By Martiza Manresa
Understanding why teenagers are cognitively unprepared to cope with modern mental stress is the first step. Spotting the signs of trouble is the second. Providing methods to cope is the next.
Just like adults, young people also have their own share of stress to deal with on a daily basis. Issues that may seem petty to adults are quite serious to adolescents. What stresses these adolescents such as friendships, peer pressure, appearances, doing well in school, relationships, and meeting their parents’ expectations – to name a few, may not be the same worries that stress adults, but they are just as real and intense. In addition, today’s children and youth are also exposed to more family related stress than previous generations. The dynamics of today’s family is totally different than that of generations past where children were kept completely in the dark as to family matters. Today’s children and youth seem to be pulled more and more into the family’s problems plaguing them with stress they should not have to deal with at such young age. In other words, according to Dr. Joyce Urban, BSN, RN, BA, MA, LMHC of Urban Counseling in Ocala “these adolescents are having to deal with adult problems while not having the tools to deal with them.”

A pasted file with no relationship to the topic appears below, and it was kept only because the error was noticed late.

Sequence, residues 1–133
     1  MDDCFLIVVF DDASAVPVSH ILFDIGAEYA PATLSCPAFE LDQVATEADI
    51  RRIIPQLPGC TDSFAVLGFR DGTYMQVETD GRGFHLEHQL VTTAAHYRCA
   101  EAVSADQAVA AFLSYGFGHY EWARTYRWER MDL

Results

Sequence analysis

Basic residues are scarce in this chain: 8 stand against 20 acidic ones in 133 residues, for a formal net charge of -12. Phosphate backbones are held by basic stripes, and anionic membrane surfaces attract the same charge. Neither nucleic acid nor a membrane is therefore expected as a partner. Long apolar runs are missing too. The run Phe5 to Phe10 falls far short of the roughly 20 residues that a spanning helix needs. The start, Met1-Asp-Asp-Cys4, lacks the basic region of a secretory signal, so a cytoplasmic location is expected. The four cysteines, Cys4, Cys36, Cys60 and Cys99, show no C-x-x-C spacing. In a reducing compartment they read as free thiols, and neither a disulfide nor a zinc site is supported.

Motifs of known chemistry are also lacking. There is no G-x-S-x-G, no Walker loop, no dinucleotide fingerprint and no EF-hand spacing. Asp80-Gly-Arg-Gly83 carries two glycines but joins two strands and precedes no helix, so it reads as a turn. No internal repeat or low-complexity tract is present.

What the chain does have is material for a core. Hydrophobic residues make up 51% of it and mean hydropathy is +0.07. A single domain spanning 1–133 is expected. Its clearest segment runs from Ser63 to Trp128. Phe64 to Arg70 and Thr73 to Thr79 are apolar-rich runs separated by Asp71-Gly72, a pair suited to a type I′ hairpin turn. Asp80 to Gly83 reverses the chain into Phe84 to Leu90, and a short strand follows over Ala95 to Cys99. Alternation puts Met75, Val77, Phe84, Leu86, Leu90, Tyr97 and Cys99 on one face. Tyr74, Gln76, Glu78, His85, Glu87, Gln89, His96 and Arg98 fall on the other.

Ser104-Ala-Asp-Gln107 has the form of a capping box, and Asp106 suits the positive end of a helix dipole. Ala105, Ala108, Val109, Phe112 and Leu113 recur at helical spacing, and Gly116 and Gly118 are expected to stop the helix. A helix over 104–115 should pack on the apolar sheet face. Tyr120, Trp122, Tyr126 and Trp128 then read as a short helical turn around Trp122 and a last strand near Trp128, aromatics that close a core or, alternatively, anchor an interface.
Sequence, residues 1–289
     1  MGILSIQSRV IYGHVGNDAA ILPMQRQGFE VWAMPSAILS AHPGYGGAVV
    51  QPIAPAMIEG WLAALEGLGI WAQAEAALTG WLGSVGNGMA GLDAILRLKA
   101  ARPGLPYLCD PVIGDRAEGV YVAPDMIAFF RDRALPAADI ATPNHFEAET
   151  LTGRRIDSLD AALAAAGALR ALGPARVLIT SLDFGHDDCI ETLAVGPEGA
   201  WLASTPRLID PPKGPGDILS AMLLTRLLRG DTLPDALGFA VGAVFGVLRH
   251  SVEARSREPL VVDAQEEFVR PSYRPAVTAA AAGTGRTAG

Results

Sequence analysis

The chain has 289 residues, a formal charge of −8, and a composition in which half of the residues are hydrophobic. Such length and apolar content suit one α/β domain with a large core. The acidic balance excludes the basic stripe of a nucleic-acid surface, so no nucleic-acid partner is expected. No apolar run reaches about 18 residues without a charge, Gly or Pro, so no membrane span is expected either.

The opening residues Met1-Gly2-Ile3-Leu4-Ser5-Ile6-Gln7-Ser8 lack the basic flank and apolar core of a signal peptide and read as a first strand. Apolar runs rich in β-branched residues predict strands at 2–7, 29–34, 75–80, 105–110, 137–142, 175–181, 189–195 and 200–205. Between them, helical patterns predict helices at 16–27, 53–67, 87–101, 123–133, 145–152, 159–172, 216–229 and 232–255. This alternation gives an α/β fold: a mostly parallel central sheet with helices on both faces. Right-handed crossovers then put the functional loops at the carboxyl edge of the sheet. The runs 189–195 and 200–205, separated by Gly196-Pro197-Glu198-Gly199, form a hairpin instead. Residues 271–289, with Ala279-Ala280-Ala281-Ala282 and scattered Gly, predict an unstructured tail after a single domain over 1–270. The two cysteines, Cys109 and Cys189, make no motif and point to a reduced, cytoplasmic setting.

But young people are not “wired” yet, at this stage in their lives to be able to effectively deal with stress so they react differently than adults. According to the National Institute of Health, a part of the U.S. Department of Health and Human Services, it is all because of the brain. A number of studies have been conducted using advanced imaging tools to be able to see exactly how an adolescent’s brain functions, and the findings were very surprising. Scientists discovered that important parts of the brain – regions that govern impulse control, judgment, and decision-making – are still developing until about age 25 when there is a cross-over of left side of the brain to right side, so they cannot grasp the consequences of their actions.